Honda has confirmed that it will run the power unit involved in Max Verstappen’s Silverstone crash during opening practice in Hungary on Friday.

Red Bull driver Verstappen suffered a 51g impact at the start of the British Grand Prix after clashing with Lewis Hamilton through Copse corner.

Formula 1 power units are made up of six components and drivers are restricted on how many they can use through a season.

They are permitted three engines, three MGU-Hs, three turbochargers, three MGU-Ks, two energy stores and two control electronics.

If this allocation is exceeded a driver faces a 10-place grid penalty for the first change, followed by other demotions if further parts are installed.

At the British Grand Prix Verstappen was on his second of the components for which three are permitted, and first of the components for which two are allowed.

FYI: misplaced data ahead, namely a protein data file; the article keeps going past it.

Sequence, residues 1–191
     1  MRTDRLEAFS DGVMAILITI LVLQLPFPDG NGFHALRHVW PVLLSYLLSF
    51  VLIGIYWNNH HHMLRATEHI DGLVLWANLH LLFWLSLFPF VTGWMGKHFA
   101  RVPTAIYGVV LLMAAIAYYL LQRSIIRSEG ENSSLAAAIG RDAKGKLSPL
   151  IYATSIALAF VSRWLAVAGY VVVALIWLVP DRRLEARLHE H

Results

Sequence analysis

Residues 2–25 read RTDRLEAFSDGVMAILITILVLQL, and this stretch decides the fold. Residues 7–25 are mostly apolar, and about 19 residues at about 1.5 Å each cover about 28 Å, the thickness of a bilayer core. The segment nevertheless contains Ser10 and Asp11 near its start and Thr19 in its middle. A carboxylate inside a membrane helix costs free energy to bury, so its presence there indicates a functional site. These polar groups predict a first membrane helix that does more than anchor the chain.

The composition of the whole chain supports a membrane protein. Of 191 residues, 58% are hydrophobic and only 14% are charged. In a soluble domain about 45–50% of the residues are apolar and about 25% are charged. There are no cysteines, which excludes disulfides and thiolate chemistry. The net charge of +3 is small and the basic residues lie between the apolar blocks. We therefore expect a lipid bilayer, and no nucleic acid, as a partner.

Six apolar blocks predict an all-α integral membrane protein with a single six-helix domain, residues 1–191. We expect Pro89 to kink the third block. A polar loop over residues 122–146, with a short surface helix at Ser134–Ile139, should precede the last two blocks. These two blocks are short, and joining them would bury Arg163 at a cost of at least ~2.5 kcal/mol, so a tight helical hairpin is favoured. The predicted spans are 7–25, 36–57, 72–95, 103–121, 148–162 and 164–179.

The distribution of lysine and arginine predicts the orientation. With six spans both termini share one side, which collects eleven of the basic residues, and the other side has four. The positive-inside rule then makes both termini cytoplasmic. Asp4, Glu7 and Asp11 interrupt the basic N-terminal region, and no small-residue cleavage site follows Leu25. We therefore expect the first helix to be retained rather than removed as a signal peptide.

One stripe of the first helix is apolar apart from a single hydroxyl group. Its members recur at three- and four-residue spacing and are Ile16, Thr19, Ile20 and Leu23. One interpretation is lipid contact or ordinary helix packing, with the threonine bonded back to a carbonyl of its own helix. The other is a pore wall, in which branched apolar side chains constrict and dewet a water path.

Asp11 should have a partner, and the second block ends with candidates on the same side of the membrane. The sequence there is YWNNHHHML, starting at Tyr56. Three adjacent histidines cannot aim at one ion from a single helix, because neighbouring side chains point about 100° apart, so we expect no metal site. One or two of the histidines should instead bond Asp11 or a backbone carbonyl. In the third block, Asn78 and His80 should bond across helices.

The newer components were installed at the French Grand Prix, in late June, and consequently were firmly within their anticipated life cycle.

The power unit was transported to Honda’s facility in Japan and a thorough analysis was undertaken.

Honda has now given the power unit the green light to be run during opening practice at the Hungaroring, after which a full analysis will be carried out to determine whether it is fit for purpose in race trim, as it seeks to avoid penalties later in 2021.

“The PU was sent back to Sakura for thorough checks,” Honda said in a statement.

“We also replaced certain parts, as allowed in the regulations, without breaking the FIA seals.

“We will use the engine this Friday to give it a proper track test, after which we should have a clearer picture of its viability as a race engine.”

Verstappen claimed his maiden pole position at the Hungaroring in 2019 and has finished runner-up to Hamilton in both the 2019 and 2020 races.

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